IBM’s Institute for Business Value has produced an insightful and thought-provoking white paper. It argues that, just as the Internet disrupted information-based industries by making information indexable, searchable and easily tradeable, so too will IoT make many types of physical assets indexable, searchable and easily tradeable, with profoundly disruptive consequences.
The white paper, The Economy of Things: Extracting new value from the Internet of Things, begins with a historical example from the real world: how making airlines seats easily indexable, searchable and tradeable completely transformed the airline industry.
IBM claims to have pioneered the digitisation of the global airline industry starting with the Semi-Automated Booking & Reservations Engine (SABRE), the world’s first digital online reservation system that it created for American Airlines. “By the 1970s, online reservation systems were standard and nearly every seat on every flight in the world was part of a real-time global marketplace,” the white paper says.
The power of market information
Subsequent deregulation created “one of the first markets where every physical asset [airline seats] was digitised and placed into a single global online marketplace.” The result was “a radical transformation of the entire airline industry, first in the US and then globally” that profoundly disrupted the airline industry.
“Consumers and airline-related industries have benefitted enormously from this transformation,” the white paper argues. The airlines did not fare so well. “Legacy costs including restrictive labour agreements and poorly utilised infrastructure have driven nearly every major US airline through at least one bankruptcy restructuring. Between 2000 and 2012, investors in the airline industry lost a cumulative $US44 billion.”
However, “Even as the airlines were plunging into bankruptcy, the companies that manage these complex online marketplaces for them were sustainably profitable. When it was spun out of American Airlines in 1999, the online reservation engine SABRE was worth more than its parent company.”
The good news, the white paper argues, is that the industry has recovered and is now vastly more efficient. “Today, the US airline industry is once again solidly and consistently profitable for the first time since deregulation.”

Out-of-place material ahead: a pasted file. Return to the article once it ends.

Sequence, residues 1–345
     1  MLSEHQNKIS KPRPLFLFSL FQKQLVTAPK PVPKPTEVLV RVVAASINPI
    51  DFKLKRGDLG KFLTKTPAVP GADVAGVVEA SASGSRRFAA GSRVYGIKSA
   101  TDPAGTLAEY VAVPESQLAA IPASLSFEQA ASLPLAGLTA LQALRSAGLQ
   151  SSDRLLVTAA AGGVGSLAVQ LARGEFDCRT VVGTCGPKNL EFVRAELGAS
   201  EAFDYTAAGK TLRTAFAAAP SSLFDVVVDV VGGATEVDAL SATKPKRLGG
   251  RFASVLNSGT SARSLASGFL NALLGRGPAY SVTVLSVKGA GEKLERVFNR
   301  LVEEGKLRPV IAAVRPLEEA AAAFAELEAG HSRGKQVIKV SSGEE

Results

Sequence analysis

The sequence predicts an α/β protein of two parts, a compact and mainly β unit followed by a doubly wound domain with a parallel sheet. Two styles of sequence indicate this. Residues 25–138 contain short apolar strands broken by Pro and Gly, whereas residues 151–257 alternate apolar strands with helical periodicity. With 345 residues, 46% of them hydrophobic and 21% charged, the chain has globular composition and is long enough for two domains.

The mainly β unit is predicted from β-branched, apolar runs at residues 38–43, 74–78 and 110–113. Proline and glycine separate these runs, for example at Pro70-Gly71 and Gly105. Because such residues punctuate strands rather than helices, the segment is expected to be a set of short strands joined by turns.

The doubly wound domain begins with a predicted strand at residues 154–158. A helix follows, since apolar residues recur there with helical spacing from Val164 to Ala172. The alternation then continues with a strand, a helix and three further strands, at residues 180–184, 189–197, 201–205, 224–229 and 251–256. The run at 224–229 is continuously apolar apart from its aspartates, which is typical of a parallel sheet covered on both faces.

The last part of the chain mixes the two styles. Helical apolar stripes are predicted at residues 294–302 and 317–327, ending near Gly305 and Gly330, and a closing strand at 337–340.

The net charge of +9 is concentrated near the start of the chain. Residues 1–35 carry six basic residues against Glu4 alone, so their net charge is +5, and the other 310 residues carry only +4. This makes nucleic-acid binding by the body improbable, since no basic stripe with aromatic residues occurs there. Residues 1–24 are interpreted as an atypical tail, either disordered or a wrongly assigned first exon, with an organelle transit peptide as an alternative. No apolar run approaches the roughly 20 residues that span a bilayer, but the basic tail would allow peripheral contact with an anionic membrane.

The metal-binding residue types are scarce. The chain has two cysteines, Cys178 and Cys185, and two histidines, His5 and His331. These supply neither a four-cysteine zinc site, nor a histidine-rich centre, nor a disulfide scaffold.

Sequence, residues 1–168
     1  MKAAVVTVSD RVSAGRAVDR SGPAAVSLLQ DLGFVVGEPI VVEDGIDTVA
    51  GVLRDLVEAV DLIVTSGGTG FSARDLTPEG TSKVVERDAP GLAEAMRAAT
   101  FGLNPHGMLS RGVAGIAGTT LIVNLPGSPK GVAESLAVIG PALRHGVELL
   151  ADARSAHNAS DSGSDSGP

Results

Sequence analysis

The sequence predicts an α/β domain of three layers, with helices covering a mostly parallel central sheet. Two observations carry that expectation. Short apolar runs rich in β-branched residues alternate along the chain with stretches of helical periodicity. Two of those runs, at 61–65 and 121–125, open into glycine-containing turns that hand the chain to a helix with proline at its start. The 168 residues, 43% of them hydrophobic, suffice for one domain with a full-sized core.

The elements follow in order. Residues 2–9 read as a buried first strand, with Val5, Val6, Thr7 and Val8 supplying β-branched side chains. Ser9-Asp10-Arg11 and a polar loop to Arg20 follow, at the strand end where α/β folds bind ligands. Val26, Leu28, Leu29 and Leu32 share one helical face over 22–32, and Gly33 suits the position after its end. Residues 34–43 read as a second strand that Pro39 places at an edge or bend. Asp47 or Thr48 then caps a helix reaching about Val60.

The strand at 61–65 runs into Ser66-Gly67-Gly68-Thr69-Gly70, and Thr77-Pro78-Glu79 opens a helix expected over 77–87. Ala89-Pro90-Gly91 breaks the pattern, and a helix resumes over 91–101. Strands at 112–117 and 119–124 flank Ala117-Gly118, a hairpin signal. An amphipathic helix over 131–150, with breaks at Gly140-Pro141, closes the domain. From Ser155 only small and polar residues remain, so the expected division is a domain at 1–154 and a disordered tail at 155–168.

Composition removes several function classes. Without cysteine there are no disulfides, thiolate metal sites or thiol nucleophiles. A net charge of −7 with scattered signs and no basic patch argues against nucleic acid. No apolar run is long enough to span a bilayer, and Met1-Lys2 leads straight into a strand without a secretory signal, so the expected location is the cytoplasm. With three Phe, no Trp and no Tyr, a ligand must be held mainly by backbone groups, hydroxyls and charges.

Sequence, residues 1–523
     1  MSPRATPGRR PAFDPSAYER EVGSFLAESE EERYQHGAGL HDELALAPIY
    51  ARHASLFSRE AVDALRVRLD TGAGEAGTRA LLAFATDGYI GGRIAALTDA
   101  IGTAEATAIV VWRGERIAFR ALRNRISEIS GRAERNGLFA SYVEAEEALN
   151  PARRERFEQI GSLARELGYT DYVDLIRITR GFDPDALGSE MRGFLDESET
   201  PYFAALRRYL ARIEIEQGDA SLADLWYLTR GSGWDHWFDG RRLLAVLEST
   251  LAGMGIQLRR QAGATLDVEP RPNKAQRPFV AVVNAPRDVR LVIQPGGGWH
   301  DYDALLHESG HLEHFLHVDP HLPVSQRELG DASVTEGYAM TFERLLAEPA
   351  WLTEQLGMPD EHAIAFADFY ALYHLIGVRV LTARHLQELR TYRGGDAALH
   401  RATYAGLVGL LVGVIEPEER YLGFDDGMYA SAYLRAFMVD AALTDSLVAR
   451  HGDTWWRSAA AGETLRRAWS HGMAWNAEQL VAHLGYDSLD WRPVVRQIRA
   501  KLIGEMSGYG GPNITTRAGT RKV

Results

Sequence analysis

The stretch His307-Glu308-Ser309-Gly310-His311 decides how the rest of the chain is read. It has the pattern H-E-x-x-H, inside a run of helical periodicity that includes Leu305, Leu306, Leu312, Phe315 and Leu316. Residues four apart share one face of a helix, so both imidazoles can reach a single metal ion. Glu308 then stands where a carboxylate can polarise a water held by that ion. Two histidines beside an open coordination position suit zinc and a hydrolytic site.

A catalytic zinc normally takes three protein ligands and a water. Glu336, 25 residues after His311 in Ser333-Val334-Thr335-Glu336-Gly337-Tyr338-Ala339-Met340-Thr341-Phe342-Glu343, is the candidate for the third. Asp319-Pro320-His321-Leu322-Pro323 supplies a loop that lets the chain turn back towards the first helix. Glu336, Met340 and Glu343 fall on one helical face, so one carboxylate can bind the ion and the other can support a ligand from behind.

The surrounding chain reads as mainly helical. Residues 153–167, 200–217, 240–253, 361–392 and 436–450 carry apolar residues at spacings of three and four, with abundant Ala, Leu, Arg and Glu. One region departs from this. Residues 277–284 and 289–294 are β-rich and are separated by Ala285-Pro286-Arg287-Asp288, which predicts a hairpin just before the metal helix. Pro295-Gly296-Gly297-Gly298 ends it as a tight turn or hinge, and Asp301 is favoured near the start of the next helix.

From this example it then goes on to imagine how IoT could transform two other industries, creating for each an “economy of things”. These are the US commercial real estate industry and the small business credit market in South Africa.
Real Estate ripe for IoT disruption?
The US commercial real estate market, it says, is extremely complex, resulting in inefficiency and under-utilisation. “There is a vast amount of space: 12 billion square feet in the US alone; but only 67 percent is utilised. Supply is not monolithic; 90 metropolitan areas account for 5.7 billion square feet of space. Large tenants dominate the market: those occupying more than 50,000 square feet account for 36 percent of all rented space. Demand for commercial office space is a function of geographic, cultural, strategic and industry considerations.”
It argues that the IoT could create a more efficient market by making information about commercial real estate — size, location and availability — easily accessible. “Sensors, coupled with understanding of utilisation, can create liquid marketplaces of real estate by enabling real-time discoverability, usability and payment.”
And this, it says, is already starting to happen: “As real-estate assets become digitally tagged, managed and shared, new services and marketplaces are being built to rent space during off-hours and offer conference rooms as classrooms. Vendors are already enabling these technologies and the number of digital marketplace services associated with them is growing rapidly.”
What next for the economy of things?
So the question then becomes: what other assets could become the basis of a new economy by being given the IoT treatment, by having information on their characteristics, location, utilisation, etc made easily available and by having a system put in place to enable those assets to be traded?
There must be ample scope here, but in fact the question should be wider. There are some tradeable assets that really only come into existence thanks to IoT. A perfect example would be car sharing services like Car Next Door. It enables any car owner to make their vehicle available for rental. The IoT technologies that make this possible are: GPS to track the location of the vehicle; a lockbox to hold the car key that hangs on the window of the car and that is opened via a numeric keypad; a cellular network for communication. Before IoT that market simply did not exist. There must, surely, be many possibilities.